Building for the Birds

1938 Sacramento Migratory Waterfowl Refuge entrance

1938 Sacramento Migratory Waterfowl Refuge entrance
Sacramento, CA 1938

The Civilian Conservation Corps was envisioned as a peacetime army to put young men to work preserving the nation’s forests and wildlife. When Congress approved funding in 1934 to add eight million acres to the National Wildlife Refuge System, the CCC spread out across the country to build it.  In May 1937, two hundred CCC enrollees arrived in California to start construction of the Sacramento Migratory Waterfowl Refuge.

The goal was to provide habitat for migratory birds and wildlife on 10,700 acres of failed farmland in the Central Valley. The Bureau of Biological Survey—later renamed the U.S. Fish and Wildlife Service—oversaw the work. As it was the Biological Survey’s second wildlife refuge, the CCC camp was named BS-2.

People Power

People Power
Men raise a telephone poll by hand.

Heavy equipment was in short supply that first summer and much of the work was done by pick and shovel. The men restored some ranch buildings for offices, and demolished others using the salvaged materials for camp repairs and project work. Mosquito bitten, sunburned, and dust-choked, the men worked year round constructing levees, dikes, and jetties; laying pipe; and clearing creeks, channels, and drains to create wetlands for the refuge. They planted rice and millet within the refuge in order to keep the waterfowl from feeding on nearby farmland.

In summer, CCC crews fought wildfires in the surrounding foothills and mountains. In bad winters, they helped sandbag against flooding in the small towns along the Sacramento River some ten miles east.

Snow Geese at the Sacramento Migratory Waterfowl Refuge

Snow Geese at the Sacramento Migratory Waterfowl Refuge
at the Sacramento Migratory Waterfowl Refuge

While few camp buildings survive, a 100-foot tower built as a fire lookout still stands today. Biologists likely used the tower when they tallied 36,000 ducks and 72,000 geese on the refuge in December 1937. In December 1938 more than a million birds were counted.

Today, the site of CCC camp BS-2 serves as the headquarters of the Sacramento National Wildlife Refuge Complex. The present pond system and many dikes and roadways are products of the summer of 1937. The refuge welcomes some 250 species of birds, hundreds of thousands of wintering waterfowl, and 75,000 visitors annually.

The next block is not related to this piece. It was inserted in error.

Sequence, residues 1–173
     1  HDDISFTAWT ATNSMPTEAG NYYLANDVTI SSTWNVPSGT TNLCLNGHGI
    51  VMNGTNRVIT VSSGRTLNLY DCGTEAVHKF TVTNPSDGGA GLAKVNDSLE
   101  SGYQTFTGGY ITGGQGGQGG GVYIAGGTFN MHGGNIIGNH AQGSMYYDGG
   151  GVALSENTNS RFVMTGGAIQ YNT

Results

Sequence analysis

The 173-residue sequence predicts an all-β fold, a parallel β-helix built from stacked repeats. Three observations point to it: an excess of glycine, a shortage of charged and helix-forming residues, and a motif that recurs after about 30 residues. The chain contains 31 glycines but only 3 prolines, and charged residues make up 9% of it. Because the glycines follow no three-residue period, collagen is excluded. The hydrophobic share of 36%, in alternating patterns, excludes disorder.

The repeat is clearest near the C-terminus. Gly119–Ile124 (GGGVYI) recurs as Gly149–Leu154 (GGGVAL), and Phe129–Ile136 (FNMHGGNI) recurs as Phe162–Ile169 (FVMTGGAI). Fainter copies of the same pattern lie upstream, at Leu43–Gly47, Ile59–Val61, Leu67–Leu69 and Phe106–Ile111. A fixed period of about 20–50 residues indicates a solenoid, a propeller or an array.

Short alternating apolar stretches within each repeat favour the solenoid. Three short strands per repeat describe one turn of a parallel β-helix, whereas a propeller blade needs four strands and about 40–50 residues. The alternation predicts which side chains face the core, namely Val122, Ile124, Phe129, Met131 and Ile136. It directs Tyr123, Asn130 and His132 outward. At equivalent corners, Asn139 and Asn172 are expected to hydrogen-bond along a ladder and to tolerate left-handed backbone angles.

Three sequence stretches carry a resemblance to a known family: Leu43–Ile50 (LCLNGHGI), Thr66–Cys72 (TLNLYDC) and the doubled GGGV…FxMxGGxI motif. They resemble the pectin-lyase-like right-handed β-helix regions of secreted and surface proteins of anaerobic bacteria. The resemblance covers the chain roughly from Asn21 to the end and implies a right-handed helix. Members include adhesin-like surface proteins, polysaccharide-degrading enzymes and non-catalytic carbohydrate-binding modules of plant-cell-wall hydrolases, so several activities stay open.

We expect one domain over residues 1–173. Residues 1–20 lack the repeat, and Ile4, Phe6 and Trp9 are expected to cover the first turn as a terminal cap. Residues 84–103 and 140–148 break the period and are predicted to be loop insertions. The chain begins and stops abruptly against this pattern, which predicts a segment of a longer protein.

The headquarters area is eligible for designation as a National Historic District, but there’s currently no funding to preserve the structures to Historic District guidelines.

What the CCC Build at the Sacramento National Wildlife Refuge:
–    52 water control and road structures
–    1 diversion dam
–    1 combined bridge and dam
–    16 miles of refuge roads
–    10 miles of fence
–    Manager’s residence and garage
–    Labor patrolman’s cabin
–    Equipment storage shed
–    Service Building
–    Water tank
–    Lookout tower
–    Refuge office
–    Barn
–    Duck hospital
–    Grain bins
–    Flag pole
–    Miles of dikes
–    Numerous nesting and resting islands
–    Farmland producing feed for wildlife
–    Entrance and location signs

With thanks to Lora Haller, Visitor Services Manager at the Sacramento National Wildlife Refuge.

Susan Ives is communications director for the Living New Deal and editor of the Living New Deal newsletter.

6 comments on “Building for the Birds

  1. Thanks for highlighting this important CCC contribution. I recommend your article indicate this area is near Willows, CA.

    The CCC Legacy camp list for California (http://www.ccclegacy.org/CCC_Camps_California.html) shows this project being BR-2 (R indicates a reclamation project which makes more sense than it being a survey project given all the improvements that were made). The work was done by Company 1920-V (V indicates a veteran’s company)

    Tim Montgomery
    Secretary
    CCC Legacy

  2. I can see in the blow-up of the entrance sign picture that biological survey may be the accurate description of this work. Perhaps the compilers of the CCC Legacy camp lists were mistaken.

  3. Surprised the article did not include gps coordinates from the Living New Deal map.

  4. Thank you, Lora, for the great article – well written and easy to read the highlighted accomplishments of the CCC – wonderful and grateful.

  5. This location is not indicated on the Living New Deal under CCC projects. Please add it.

    I agree that the CCC Legacy camp list listing mentioned above needs to be corrected to BS-2.

    • Gabriel Milner

      We have tagged it under “CCC” projects. Please let us know if you’re having trouble with it.

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